4-5 year old children seem to use the scientific method

July 28, 2011 at 10:31 am 3 comments

Intriguing result that suggests that children apply the scientific method quite early in their development.  My observation of student programmers suggest that they don’t test only one variable at once. They tend to change several different lines of code that they think might be related to a bug, and rejoice if the bug went away — without ever understanding why.  I wonder why the difference?  Is programming something that 18 year olds don’t see as understandable, or do we grow out of the careful study of one variable at a time?  Or is it that students in CS classes have a goal of creating a working program for a grade, rather than understanding how the program works?

In cases in which the children didn’t know which beads made the toy play, the researchers found that the kids tested each possibility in turn in order to find out — much like the way in which scientists devise their experiments to test individual variables separately. Laura Schulz, one of the researchers from MIT, explains that it’s the same idea that you use when trying to find out which of your keys opens a door: “You might change the position of the key, you might change the key, but you’re not going to change both at once,” she says.

via Learning by experiment is all in a day’s play : Nature News.

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3 Comments Add your own

  • 1. Beth Simon  |  July 28, 2011 at 1:01 pm

    Well Mark, What do you give them points for? A working program? Or some type of analysis of the process they went through to create and debug the program? Or even an interview or other form of assessment of their understanding of their program?

    This has been something Quintin and I have been pondering this past year or so. A hard nut to crack. One of the benefits of pair programming is undoubtedly the greater opportunity (at least) to talk about why something works. At UCSD, when I teach with PP in CS1, I require each person to come in for an individual 5-minute interview with a tutor in the lab. There are two questions asked. The first is “what does THIS (point at structure in code) do?” The second “If you wanted to change your program to do X’ instead of X, describe in words how you would do it.” Graded 2,1,0 It’s mostly a social mechanism to say “hey, you need to be able to understand how your code works”. 2s reign, 0s tutors speak to right then, and refer to me.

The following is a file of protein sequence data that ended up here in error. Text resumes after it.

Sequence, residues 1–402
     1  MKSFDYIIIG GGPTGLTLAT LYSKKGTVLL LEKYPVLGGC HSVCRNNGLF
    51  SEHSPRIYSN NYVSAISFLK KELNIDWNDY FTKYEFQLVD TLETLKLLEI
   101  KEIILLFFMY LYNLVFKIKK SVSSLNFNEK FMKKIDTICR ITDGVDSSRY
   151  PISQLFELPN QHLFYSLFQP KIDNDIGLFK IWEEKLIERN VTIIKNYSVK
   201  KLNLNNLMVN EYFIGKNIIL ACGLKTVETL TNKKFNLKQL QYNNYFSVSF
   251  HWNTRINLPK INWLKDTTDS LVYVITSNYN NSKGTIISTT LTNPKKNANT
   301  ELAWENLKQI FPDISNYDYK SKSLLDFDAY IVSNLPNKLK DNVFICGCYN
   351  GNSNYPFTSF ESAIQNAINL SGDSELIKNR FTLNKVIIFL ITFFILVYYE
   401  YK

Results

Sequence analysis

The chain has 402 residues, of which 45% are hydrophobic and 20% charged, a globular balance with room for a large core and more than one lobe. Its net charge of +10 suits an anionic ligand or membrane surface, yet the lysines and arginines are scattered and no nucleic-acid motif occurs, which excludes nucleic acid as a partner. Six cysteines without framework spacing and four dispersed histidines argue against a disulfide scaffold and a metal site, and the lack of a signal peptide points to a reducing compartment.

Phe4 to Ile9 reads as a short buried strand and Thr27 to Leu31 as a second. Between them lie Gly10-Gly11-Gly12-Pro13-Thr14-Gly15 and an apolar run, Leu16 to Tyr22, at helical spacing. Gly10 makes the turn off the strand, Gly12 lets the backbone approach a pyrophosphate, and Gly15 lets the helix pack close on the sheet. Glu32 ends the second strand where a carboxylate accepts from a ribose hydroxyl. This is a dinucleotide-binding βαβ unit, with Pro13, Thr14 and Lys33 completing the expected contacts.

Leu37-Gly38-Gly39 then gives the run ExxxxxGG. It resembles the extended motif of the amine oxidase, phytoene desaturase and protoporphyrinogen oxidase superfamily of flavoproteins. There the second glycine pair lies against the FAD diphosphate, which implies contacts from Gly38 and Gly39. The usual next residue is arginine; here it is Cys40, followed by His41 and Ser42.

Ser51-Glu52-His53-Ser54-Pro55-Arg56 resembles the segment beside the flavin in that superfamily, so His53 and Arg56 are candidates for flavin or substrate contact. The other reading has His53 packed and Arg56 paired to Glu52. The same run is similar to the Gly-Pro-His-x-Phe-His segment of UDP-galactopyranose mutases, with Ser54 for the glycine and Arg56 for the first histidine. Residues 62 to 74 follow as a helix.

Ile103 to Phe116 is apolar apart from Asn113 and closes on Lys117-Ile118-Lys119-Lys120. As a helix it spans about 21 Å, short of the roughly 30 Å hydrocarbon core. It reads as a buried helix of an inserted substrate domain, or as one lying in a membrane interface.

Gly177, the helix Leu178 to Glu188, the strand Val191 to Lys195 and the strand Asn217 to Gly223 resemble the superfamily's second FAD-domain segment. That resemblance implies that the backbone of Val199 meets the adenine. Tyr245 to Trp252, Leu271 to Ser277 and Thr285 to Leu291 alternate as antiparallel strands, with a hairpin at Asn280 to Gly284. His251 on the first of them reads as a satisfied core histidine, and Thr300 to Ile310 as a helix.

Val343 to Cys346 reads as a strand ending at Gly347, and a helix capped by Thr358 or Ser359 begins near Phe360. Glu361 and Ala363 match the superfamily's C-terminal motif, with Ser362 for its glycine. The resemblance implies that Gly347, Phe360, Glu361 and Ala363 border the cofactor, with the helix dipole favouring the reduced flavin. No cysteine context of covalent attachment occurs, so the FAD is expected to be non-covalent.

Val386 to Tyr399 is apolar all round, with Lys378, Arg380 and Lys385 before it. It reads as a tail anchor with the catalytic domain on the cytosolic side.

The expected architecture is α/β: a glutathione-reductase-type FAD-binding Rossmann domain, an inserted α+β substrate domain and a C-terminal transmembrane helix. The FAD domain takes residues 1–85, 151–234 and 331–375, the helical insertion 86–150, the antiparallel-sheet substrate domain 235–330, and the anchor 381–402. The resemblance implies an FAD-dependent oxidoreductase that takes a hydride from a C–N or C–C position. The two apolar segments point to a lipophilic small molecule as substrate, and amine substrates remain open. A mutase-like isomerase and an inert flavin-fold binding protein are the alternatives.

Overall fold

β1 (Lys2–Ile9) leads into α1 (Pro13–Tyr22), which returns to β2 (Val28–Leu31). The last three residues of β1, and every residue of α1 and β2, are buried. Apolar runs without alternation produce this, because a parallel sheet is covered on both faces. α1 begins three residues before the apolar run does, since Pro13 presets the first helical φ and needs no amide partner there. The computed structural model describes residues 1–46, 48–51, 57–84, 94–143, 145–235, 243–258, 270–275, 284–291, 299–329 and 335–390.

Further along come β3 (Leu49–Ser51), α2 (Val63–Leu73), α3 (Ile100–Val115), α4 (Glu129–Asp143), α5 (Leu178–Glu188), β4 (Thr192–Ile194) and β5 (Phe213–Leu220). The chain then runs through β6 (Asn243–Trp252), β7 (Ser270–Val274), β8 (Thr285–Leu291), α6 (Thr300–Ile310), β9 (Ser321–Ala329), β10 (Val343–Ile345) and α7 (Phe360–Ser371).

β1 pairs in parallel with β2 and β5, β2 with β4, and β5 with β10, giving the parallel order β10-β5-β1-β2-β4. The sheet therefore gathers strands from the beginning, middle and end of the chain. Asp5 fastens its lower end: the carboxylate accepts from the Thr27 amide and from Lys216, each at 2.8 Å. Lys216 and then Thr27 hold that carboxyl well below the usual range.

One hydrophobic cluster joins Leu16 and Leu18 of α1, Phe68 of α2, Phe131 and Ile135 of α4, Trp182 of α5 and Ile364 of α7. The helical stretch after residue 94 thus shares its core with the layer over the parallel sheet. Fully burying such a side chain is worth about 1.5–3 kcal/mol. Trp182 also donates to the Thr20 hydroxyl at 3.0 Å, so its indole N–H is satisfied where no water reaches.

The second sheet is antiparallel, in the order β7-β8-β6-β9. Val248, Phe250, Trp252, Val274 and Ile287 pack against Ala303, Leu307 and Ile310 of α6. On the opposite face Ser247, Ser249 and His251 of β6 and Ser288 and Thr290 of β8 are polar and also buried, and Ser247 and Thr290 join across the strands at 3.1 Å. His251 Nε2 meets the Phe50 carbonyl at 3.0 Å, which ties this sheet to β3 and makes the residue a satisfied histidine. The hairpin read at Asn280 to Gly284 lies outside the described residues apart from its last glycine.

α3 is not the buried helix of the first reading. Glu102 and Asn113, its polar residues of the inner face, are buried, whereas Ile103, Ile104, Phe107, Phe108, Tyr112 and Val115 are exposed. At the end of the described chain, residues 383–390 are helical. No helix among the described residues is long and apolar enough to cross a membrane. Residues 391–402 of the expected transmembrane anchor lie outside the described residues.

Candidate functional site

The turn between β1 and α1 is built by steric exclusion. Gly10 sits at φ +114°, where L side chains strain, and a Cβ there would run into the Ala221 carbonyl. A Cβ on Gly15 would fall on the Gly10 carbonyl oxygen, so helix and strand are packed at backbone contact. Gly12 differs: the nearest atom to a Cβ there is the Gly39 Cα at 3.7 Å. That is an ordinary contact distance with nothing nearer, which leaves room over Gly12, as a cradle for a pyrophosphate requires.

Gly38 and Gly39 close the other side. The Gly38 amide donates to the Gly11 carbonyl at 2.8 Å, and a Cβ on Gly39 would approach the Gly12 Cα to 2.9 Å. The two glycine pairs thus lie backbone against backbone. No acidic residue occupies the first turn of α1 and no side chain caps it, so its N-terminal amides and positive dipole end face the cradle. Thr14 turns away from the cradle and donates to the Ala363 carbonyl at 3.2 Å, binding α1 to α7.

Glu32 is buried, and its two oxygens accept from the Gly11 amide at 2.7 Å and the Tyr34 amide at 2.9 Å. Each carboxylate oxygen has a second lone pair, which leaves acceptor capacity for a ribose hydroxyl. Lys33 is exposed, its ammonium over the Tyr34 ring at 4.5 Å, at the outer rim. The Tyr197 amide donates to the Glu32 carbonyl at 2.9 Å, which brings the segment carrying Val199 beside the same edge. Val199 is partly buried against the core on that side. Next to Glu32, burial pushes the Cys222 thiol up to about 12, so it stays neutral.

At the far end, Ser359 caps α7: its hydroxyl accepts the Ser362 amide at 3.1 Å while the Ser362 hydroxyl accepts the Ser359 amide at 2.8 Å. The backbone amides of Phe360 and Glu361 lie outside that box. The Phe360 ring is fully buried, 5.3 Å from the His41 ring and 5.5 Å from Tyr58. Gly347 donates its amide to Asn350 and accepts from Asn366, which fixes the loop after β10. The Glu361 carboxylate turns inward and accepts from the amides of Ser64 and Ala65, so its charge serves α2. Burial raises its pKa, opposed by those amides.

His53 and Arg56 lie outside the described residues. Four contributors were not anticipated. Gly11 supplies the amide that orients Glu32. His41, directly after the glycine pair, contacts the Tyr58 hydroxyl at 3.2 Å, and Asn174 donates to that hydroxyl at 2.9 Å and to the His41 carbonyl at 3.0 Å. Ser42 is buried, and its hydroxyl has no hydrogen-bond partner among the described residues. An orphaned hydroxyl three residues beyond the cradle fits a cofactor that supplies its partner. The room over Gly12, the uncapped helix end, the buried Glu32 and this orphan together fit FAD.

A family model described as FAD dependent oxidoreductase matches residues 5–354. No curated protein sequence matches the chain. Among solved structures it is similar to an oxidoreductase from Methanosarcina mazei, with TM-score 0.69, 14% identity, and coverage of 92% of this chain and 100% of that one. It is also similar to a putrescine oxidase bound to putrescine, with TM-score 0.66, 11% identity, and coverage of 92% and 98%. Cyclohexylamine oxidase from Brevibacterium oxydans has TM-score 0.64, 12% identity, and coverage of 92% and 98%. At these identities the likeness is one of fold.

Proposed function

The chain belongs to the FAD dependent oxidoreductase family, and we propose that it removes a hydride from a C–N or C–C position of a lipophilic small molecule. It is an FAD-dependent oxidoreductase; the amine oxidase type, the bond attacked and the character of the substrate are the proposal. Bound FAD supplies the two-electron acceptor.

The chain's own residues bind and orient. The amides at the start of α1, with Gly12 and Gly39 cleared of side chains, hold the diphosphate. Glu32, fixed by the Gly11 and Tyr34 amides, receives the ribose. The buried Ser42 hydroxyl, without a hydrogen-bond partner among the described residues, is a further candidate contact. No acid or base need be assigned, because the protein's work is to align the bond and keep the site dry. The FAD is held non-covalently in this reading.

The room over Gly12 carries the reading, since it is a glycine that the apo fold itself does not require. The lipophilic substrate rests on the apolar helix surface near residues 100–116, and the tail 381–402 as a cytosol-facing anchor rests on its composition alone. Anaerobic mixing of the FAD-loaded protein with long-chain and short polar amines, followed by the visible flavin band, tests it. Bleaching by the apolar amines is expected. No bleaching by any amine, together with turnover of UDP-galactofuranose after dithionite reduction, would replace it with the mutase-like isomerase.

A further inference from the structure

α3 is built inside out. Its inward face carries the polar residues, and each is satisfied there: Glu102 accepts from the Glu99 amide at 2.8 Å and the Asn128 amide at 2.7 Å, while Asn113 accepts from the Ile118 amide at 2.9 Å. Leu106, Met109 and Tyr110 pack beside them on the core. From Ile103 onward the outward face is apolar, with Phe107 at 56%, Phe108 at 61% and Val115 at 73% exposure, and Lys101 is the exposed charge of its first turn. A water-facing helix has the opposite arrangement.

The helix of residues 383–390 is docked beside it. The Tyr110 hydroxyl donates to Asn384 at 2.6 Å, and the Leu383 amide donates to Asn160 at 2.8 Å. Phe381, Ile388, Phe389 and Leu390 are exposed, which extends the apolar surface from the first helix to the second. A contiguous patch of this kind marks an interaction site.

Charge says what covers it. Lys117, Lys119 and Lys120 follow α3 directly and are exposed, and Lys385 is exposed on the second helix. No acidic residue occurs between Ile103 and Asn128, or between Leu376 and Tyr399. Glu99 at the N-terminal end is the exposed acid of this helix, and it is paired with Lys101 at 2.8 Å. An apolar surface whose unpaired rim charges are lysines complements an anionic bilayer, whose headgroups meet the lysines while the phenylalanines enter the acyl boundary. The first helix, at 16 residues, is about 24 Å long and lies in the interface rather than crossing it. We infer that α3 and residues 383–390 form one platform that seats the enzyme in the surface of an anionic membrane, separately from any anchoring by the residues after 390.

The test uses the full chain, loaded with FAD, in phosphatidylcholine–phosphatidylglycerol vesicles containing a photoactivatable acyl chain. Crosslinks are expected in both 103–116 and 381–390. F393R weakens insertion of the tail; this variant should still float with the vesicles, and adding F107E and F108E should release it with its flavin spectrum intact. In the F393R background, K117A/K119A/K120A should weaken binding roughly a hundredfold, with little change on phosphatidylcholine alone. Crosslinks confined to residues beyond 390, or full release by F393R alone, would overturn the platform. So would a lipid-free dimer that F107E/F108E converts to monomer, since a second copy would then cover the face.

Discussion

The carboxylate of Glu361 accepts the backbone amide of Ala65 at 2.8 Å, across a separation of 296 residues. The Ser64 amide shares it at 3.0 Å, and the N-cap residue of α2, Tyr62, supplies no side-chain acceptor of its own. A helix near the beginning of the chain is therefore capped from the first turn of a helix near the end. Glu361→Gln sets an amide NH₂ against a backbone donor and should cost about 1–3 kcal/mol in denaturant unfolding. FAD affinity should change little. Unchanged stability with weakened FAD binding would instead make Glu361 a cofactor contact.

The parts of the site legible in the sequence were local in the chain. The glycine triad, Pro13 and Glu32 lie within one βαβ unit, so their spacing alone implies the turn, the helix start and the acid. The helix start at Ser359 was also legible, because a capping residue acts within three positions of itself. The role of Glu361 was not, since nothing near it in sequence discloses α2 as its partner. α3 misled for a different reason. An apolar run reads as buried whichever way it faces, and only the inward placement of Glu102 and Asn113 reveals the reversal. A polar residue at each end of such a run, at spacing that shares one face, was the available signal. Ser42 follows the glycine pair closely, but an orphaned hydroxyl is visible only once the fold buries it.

Beth

    Reply
    • 2. Mark Guzdial  |  July 28, 2011 at 1:42 pm

      Sounds like a great idea, Beth. We might also ask students to execute a trace of their program using UUhistle or similar. That’s a focus on learning Behavior, part of Ashok Goel’s Structure-Behavior-Function model of designers’ knowledge.

      Reply
  • 3. dbw  |  July 31, 2011 at 6:09 pm

    There are many (black-box) situations which require experimentation to get to the results and it works very well.

    But, it should not be a part of programming. You do need to understand the code thoroughly, so the changes can lead to defined results. Experimentation or guesses may get the result or may cause other problems.

    Experimentation is always part of the learning process.

    Reply

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